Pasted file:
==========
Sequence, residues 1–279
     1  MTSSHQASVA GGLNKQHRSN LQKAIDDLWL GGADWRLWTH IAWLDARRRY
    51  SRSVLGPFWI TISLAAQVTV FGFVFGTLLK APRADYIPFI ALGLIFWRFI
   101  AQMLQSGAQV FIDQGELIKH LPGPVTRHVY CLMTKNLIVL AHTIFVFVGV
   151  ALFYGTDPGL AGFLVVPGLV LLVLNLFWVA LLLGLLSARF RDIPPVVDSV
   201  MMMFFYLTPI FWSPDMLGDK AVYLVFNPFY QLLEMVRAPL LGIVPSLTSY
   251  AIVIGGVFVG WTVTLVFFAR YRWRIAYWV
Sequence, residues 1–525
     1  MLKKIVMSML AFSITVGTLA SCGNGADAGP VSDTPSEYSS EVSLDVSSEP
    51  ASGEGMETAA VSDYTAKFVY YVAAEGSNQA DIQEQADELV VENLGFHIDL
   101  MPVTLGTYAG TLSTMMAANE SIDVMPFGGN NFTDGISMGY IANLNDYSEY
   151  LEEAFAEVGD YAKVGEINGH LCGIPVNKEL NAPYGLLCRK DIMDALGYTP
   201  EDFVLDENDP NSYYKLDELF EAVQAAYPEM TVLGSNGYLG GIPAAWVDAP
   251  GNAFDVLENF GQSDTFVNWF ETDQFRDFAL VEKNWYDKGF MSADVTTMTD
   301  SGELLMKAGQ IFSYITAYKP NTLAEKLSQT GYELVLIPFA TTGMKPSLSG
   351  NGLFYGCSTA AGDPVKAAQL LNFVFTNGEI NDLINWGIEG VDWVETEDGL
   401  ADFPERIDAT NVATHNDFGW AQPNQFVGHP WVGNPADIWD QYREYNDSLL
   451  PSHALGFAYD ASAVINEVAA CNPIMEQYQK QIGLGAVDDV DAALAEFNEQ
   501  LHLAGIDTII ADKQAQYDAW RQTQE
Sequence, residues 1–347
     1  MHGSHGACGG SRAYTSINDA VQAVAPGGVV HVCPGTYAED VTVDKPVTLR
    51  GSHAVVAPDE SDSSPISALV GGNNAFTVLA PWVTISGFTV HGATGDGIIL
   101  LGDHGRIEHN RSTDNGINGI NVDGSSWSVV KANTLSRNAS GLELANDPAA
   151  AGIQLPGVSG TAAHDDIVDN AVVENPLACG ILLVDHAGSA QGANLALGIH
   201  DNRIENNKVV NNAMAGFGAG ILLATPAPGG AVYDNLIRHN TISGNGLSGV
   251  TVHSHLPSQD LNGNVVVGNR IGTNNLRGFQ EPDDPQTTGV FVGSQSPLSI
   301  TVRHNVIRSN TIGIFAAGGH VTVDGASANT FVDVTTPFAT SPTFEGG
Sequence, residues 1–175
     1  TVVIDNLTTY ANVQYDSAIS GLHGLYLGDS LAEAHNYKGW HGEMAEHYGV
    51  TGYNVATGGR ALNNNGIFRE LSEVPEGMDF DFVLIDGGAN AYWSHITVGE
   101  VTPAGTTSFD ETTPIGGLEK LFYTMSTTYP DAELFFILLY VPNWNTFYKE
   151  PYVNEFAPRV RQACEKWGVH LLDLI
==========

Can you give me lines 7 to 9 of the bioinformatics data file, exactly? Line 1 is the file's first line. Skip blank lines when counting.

   251  AIVIGGVFVG WTVTLVFFAR YRWRIAYWV
Sequence, residues 1–525
     1  MLKKIVMSML AFSITVGTLA SCGNGADAGP VSDTPSEYSS EVSLDVSSEP